China's ETS could affect its short-term economic growth: Wood Mackenzie
ETS covered around 40% of China's 11,535 Mt CO2e emissions in 2019.
Wood Mackenzie said China's National Emissions Trading System (ETS) could harm its short-term economic growth. The ETS covers the power sector, which accounted for around 40% of China's 11,535 Mt CO2e emissions in 2019. The ETS sets the China Emission Allowance (CEA) by issuing tradeable allowances to power plants.
Since the launch of the ETS, CEAs have traded at an average price of $7.7/tCO2e (RMB 50.5/tCO2e). The carbon cost accounts for 0.5% to 0.7% of annual generation costs for a typical coal-fired plant with two 300-MW units.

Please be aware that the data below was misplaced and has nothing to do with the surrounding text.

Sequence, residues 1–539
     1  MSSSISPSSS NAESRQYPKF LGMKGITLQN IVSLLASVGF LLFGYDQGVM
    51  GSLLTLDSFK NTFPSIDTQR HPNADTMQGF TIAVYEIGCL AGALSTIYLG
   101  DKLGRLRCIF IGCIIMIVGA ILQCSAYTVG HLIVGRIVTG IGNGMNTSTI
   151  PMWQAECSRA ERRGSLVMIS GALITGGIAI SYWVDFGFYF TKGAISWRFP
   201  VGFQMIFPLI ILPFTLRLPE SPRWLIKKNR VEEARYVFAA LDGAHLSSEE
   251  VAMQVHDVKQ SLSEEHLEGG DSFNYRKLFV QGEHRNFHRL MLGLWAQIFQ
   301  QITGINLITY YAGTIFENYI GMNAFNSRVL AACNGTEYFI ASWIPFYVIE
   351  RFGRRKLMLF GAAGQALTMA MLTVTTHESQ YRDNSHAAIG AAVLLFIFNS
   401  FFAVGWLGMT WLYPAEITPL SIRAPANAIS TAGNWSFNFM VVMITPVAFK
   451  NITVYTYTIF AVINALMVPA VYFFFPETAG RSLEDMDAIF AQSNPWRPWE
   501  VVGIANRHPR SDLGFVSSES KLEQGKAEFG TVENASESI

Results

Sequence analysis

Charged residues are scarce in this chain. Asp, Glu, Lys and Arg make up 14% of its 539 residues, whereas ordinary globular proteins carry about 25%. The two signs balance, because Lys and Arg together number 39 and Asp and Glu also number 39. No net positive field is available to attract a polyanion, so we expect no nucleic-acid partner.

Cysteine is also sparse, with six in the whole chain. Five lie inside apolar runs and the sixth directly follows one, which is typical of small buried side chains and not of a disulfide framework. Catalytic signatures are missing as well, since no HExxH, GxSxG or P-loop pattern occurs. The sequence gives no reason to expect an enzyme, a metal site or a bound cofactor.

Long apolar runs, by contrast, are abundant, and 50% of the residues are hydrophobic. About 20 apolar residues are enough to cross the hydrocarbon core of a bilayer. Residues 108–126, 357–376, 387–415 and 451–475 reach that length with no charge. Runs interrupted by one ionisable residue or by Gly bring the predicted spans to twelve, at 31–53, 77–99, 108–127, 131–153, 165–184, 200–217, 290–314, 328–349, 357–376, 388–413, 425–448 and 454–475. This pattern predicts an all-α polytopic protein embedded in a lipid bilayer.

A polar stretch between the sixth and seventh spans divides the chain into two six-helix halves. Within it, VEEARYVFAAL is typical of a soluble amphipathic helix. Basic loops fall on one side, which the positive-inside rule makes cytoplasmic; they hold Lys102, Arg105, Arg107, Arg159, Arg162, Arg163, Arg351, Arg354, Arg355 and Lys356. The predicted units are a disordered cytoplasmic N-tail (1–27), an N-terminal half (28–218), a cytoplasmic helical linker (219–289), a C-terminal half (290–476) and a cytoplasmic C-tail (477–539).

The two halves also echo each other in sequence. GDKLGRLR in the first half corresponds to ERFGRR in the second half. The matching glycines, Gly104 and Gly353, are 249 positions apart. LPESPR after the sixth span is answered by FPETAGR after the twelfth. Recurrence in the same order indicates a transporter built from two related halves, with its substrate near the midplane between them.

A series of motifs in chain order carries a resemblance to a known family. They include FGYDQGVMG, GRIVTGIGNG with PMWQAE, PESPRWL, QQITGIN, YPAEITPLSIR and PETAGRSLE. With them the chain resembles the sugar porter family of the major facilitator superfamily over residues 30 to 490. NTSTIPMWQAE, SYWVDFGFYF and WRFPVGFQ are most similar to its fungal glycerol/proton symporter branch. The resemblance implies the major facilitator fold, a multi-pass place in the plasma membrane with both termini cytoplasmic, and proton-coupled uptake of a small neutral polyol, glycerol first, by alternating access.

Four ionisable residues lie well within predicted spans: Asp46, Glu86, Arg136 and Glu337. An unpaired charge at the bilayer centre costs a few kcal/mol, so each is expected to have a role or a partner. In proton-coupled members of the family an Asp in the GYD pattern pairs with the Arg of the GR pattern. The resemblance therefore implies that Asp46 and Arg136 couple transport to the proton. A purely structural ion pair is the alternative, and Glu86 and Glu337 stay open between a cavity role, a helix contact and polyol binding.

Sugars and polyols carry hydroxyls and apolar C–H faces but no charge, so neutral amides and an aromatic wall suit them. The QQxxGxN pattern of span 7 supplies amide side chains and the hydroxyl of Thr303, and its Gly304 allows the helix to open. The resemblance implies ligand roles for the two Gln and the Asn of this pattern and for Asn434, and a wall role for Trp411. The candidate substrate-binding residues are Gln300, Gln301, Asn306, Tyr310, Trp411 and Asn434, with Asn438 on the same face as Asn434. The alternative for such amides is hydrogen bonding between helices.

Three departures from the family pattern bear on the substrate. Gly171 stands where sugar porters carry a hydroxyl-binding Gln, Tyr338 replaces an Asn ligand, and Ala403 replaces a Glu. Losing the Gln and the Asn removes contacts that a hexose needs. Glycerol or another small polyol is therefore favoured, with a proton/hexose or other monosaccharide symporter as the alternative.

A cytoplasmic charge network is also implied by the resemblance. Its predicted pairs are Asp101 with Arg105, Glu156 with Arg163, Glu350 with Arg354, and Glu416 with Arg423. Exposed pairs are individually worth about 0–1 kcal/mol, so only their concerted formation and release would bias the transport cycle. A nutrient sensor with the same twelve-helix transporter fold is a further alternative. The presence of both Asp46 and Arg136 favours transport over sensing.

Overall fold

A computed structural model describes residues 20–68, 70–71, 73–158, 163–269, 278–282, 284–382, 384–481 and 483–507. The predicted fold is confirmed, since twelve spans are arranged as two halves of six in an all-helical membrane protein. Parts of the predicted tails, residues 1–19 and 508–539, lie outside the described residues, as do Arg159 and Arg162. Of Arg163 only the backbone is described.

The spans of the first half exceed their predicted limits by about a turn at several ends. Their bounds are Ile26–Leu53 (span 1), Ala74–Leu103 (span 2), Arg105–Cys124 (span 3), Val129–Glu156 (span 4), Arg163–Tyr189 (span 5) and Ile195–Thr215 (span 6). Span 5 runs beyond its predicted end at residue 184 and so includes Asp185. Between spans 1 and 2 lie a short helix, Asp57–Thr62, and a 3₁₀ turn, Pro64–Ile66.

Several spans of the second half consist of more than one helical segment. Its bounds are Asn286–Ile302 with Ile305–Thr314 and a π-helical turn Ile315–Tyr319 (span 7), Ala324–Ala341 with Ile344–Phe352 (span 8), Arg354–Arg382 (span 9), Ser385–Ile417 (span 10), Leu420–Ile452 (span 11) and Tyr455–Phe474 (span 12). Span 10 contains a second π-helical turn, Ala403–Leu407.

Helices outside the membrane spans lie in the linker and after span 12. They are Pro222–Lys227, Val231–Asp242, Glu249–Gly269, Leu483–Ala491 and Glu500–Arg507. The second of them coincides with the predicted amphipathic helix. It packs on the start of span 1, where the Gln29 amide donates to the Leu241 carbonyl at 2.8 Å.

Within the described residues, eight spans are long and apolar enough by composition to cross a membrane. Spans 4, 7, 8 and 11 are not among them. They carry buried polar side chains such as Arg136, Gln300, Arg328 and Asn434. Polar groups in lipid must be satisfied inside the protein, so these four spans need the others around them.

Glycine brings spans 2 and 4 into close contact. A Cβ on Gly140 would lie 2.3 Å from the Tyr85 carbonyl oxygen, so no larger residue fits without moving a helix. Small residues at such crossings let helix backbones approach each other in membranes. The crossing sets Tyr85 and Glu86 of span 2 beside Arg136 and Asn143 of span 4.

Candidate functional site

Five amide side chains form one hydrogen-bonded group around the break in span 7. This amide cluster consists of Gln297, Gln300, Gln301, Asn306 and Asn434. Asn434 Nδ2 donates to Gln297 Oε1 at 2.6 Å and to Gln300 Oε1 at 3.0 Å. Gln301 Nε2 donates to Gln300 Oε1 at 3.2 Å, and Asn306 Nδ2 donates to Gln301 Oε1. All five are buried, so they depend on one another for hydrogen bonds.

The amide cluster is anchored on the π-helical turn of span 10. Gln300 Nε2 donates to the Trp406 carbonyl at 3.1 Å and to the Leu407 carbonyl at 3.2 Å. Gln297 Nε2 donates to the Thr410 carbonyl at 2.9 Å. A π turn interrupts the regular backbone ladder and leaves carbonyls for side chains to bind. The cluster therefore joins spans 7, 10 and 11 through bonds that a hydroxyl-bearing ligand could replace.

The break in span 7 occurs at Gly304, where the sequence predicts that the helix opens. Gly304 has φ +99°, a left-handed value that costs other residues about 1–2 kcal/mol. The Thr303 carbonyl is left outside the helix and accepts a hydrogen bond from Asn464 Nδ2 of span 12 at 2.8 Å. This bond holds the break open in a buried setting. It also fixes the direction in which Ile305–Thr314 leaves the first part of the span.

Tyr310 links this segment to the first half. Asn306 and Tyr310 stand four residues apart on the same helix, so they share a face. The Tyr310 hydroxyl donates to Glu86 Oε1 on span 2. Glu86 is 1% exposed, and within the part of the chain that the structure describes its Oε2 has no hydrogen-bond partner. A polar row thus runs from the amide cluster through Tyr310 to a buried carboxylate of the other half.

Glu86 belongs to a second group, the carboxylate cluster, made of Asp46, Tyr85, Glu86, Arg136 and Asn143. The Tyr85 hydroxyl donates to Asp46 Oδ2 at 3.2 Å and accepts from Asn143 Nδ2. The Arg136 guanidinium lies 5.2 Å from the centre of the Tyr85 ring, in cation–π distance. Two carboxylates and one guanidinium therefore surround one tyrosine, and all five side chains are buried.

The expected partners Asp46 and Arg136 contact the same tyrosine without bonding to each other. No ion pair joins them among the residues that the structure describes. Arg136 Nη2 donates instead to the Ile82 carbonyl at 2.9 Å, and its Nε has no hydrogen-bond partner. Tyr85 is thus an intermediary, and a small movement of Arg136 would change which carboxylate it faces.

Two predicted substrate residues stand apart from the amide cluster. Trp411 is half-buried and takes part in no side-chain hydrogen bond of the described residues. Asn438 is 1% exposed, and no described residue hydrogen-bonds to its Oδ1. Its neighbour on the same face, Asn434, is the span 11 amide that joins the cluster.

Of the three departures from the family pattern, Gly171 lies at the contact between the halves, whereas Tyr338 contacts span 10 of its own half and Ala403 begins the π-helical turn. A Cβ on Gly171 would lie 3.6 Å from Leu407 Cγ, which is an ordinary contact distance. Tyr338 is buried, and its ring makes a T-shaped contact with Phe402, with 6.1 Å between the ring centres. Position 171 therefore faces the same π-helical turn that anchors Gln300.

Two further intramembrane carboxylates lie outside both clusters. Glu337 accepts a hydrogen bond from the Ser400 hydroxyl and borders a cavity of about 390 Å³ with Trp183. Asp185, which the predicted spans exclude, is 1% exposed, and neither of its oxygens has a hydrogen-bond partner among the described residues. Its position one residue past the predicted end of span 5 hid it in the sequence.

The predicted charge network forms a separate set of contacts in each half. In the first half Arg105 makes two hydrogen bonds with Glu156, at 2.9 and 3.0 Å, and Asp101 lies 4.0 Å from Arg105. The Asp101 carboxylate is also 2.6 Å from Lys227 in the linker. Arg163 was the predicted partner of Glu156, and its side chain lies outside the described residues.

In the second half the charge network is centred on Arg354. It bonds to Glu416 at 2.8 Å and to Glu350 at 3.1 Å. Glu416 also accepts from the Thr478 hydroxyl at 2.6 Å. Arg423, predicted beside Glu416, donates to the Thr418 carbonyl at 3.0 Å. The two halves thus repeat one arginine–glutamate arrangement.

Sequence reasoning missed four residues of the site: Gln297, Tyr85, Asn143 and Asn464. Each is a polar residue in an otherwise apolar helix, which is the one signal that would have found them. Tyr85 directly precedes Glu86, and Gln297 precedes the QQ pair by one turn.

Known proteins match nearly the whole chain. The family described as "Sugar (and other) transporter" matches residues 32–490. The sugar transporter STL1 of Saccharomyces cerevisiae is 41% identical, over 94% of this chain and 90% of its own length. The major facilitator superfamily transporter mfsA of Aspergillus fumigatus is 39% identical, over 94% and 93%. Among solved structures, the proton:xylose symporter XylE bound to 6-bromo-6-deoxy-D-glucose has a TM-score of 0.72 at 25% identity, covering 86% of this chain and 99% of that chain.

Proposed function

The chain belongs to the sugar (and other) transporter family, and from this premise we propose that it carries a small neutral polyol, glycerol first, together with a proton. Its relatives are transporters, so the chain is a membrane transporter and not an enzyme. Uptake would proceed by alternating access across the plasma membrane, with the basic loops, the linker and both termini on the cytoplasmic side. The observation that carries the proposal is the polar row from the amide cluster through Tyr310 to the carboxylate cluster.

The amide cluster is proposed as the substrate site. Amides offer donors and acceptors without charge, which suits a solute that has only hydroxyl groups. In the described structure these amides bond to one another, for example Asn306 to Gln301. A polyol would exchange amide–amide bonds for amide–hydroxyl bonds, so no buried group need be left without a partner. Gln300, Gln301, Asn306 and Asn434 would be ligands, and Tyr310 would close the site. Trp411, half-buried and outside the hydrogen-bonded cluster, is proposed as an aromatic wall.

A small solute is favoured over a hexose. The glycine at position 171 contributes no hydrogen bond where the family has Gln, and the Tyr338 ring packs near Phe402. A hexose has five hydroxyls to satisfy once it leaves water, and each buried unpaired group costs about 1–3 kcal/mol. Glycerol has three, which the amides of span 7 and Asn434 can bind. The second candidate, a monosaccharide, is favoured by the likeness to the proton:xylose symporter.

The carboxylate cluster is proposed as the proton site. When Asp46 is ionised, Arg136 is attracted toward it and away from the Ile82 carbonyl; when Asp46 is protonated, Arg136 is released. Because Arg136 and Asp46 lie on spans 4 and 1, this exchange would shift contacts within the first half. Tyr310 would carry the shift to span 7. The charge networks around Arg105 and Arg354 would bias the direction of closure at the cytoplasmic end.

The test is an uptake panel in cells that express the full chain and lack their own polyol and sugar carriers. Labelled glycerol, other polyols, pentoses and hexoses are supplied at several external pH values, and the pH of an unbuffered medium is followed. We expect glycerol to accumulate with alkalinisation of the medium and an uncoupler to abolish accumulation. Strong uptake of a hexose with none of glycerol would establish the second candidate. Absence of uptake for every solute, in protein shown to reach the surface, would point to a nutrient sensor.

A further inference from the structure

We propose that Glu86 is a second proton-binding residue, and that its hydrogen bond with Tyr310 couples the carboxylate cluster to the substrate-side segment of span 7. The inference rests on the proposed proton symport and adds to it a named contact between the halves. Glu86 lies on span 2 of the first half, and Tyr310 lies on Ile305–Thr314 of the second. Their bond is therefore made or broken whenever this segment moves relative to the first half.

According to Wood Mackenzie Senior Economist Yanting Zhou, "Carbon prices at these levels are unlikely to incentivise generators to improve emission intensity through fuel efficiency, never mind switch to renewables." To comply with the Paris Agreement, Wood Mackenzie estimated that prices need to be in the range of US$100-160/tCO2e. In Europe, carbon prices are trading around €55/tCO2e ($65/tCO2e).
Zhou believes that Chinese policies aimed at controlling carbon emissions in the industrial sector may prove to be more effective than the carbon market. Also, China will have to bear with short term pains to its economic growth.
China has used production limits and export controls to curb energy consumption and carbon emissions this year.